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A Dial-Up Librarian Enters the Blogosphere

When I was first approached about doing a blog for the library, my first thought was "YIKES."  Being new to the blogging world, this was unchartered terrain for me. After all, we still have dial-up at home and I rely on my 2 year old to help program our DVD player. However, the more I thought about it, I realized – what a great forum to talk about the wonderful items in our collection. After 10 years of working in the library at the Indiana Historical Society, I am still uncovering gems in the collection.

With more than 1.5 million images, thousands of books, manuscripts and maps there is a lot to uncover.  We recently estimated that if you stacked our collections flat page-by-page, it would be a single stack almost 6 miles high. (OK, so we didn’t actually try this but you get the idea that there are a lot of great materials that we can talk about in our blog.) Here are a few of my favorites. 

Eagle map
This 1833 map uniquely and beautifully depicts our developing nation.
Orange
A woman gives an orange to a departing WWI soldier. (Bretzman Collection, Indiana Historical Society)
 

 

 

 

Cooties
This one caught your eye – didn’t it?! The American Red Cross sponsored this circa 1918 broadside to help keep WWI servicemen healthy.

 

Let me know your favorite Indiana history topic or if you have a question about something we might have in the collection – you can leave a comment here or e-mail us at reference@indianahistory.org.    

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Comments (3)

1. Nadine Harris says

March 12, 2010 at 11:28 a.m.
I love that fact that the traveling exhibits can be seen online. That is so cool!

2. John Brunn says

May 20, 2011 at 8:45 a.m.
Suzanne, I have an original printing of the book "Remembrances of Adams, Jay and Randolph Counties" I would like to sell it and I have been told about how much it is worth, however, I really have no real idea of the value. There is a chapter about my Great, Great, Great Grandmother, Mariah Mendenhall who was a mid wife and we have been told she delivered more than a thousand babies. I think the book is in pretty good condition for its age. If you have any thoughts, please let me know. email at, jwms@cinergymetro.net Thank you and I am looking forward to hearing from you!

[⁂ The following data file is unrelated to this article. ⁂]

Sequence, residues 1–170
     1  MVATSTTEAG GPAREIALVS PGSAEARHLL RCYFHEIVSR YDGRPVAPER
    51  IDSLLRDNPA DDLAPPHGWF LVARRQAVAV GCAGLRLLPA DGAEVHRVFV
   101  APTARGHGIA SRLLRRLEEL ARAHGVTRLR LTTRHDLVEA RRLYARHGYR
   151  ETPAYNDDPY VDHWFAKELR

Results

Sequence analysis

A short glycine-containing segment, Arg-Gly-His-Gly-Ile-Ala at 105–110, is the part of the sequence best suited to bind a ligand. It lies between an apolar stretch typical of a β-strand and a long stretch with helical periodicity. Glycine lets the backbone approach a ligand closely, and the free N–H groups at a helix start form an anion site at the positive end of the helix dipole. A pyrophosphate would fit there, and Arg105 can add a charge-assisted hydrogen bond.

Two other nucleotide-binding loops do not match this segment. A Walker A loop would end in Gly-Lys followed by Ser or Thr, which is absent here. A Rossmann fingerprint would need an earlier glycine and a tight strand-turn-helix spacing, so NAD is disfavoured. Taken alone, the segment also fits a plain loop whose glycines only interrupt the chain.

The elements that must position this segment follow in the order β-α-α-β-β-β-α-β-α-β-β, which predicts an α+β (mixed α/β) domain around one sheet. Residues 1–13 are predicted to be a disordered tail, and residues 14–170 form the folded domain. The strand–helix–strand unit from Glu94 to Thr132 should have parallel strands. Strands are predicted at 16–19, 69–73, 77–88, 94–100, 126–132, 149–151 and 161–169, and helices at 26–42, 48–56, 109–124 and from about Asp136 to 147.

3. Marianne says

March 13, 2012 at 11:47 p.m.
I don't think I really meant that we would load 3,500 hruendd books on an e-reader (I don't have that kind of time), nor did I intend to mean that I would expect the patron to read them all if we did. But if we did load that many on an e-reader, then the patron could choose whichever ones they wanted to read (just like when they are in the library). As a side note- Can I ask you, should a library only purchase enough books for one person to read in a lifetime?Anyway, some other options are We could load 10 books on 350 different subjects and when a patron asks for books on whatever subject, they could check out the E-reader, read those ten books, explore a couple other subjects and maybe expand their knowledge and understanding. Or we could load 350 books on ten subjects and the patron could really get to know some subject very well.As far as quantity Well, a large part of our job is anticipating need and balancing resources. But even if I didn't have a general idea of how many we would need then I would think that if we didn't purchase enough, we would buy more. If we purchased too many, we wouldn't buy anymore.